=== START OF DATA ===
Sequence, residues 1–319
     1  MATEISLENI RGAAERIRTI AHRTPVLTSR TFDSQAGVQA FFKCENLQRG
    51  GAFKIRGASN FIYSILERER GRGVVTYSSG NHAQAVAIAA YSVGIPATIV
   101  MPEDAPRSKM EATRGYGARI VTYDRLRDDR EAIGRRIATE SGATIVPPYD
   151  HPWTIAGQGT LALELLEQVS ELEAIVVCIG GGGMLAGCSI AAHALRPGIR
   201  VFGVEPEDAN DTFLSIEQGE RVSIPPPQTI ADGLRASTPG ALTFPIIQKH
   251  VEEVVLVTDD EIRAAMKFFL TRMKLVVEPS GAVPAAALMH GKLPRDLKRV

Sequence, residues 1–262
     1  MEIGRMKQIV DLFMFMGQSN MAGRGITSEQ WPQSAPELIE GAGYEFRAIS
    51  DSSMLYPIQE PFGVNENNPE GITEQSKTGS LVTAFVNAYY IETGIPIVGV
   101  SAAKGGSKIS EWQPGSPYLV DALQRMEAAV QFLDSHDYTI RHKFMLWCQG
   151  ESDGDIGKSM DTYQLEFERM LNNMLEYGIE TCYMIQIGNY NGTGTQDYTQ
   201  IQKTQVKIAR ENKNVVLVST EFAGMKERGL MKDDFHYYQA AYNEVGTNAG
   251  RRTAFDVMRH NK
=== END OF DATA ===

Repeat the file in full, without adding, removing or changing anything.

Sequence, residues 1–319
     1  MATEISLENI RGAAERIRTI AHRTPVLTSR TFDSQAGVQA FFKCENLQRG
    51  GAFKIRGASN FIYSILERER GRGVVTYSSG NHAQAVAIAA YSVGIPATIV
   101  MPEDAPRSKM EATRGYGARI VTYDRLRDDR EAIGRRIATE SGATIVPPYD
   151  HPWTIAGQGT LALELLEQVS ELEAIVVCIG GGGMLAGCSI AAHALRPGIR
   201  VFGVEPEDAN DTFLSIEQGE RVSIPPPQTI ADGLRASTPG ALTFPIIQKH
   251  VEEVVLVTDD EIRAAMKFFL TRMKLVVEPS GAVPAAALMH GKLPRDLKRV

Sequence, residues 1–262
     1  MEIGRMKQIV DLFMFMGQSN MAGRGITSEQ WPQSAPELIE GAGYEFRAIS
    51  DSSMLYPIQE PFGVNENNPE GITEQSKTGS LVTAFVNAYY IETGIPIVGV
   101  SAAKGGSKIS EWQPGSPYLV DALQRMEAAV QFLDSHDYTI RHKFMLWCQG
   151  ESDGDIGKSM DTYQLEFERM LNNMLEYGIE TCYMIQIGNY NGTGTQDYTQ
   201  IQKTQVKIAR ENKNVVLVST EFAGMKERGL MKDDFHYYQA AYNEVGTNAG
   251  RRTAFDVMRH NK